Q&A: Sara Snow
Introducing Sara Snow from the soon-to-premiere show on the Discovery Health Channel, Get Fresh with Sara Snow!
Sara was raised the "natural way"—before it was en vogue to be "green"—and attributes her healthy lifestyle to the food and lifestyle choices she learned growing up. Here, she offers her thoughts on prioritizing organic food choices, a surprising cure for the common headache, and some tips for living green.
What do you think is more impactful for our long-term wellbeing—eating organic fruits and vegetables or eating natural, hormone free eggs and meat?
This is a great question and there is a lot to take into account. Such as the farming methods required to raise organic vs. non-organic fruits and vegetables. According to the Environmental Protection Agency, over a billion tons of pesticides are used in the United States every year. In 2002, the American Association of Poison Control Centers estimated that 69-thousand children suffered from pesticide related poisoning or exposure to poisonous pesticides. And what about the difference in pictures painted from a conventional dairy farm vs. a small, organic dairy?
If you’re looking at your immediate health you might want to consider what you eat the most of. Are you a big meat eater? Do you eat a lot of fruits and vegetables?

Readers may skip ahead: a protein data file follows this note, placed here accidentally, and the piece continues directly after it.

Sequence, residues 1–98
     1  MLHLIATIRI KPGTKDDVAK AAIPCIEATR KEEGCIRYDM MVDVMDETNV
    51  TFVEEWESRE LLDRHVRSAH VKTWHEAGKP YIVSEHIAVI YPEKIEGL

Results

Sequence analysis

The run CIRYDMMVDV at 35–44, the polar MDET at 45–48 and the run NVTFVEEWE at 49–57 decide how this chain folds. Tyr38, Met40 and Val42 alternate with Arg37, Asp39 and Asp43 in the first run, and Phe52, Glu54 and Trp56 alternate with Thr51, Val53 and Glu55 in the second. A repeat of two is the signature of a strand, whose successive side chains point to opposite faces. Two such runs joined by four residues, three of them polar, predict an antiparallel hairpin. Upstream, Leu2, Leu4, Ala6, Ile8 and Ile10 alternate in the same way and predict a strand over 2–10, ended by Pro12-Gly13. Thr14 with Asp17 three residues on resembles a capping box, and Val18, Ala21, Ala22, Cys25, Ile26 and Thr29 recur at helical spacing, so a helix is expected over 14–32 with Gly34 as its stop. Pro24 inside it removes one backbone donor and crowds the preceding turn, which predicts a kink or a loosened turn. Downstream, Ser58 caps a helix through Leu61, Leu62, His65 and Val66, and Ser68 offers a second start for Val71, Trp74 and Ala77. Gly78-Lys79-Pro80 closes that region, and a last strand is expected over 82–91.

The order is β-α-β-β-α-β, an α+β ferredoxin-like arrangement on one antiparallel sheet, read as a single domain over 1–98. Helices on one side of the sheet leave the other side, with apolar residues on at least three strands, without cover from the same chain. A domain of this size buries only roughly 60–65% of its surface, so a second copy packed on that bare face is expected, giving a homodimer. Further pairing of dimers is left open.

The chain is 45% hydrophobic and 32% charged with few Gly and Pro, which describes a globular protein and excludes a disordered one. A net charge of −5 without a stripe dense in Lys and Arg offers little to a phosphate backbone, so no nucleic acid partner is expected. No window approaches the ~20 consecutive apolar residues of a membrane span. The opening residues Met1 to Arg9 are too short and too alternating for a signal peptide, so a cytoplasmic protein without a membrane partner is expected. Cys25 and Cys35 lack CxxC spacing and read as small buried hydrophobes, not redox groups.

When it comes to produce, consider this: Reports are showing that children have higher levels of pesticide toxins in their bodies than any other age group. And studies show that contaminants, including pesticides, can be neurotoxic, which means they can slow or alter brain development. Other studies show that heavy use of pesticides is associated with heightened risks of cancer. In simple terms, eating non-organic fruits and vegetables allows you to ingest harmful pesticides and other chemical agents that could impede brain development in small children or increase one’s risk for certain types of cancer.
On the other hand, we are now beginning to see the effects of adults and small children consuming animal products loaded with hormones and antibiotics. Hormones are given to animals to speed up their growth. Industrial dairy farms use a hormone called rBGH to increase milk production but the hormone has been shown to cause a multitude of diseases and other problems in the cows. In humans, small boys and girls are experiencing widespread hormonal and developmental issues that studies have linked to drinking milk from conventionally raised cows. rBGH in milk has been shown to increase cancer risks. European nations have banned rBGH but it is still allowable in the United States.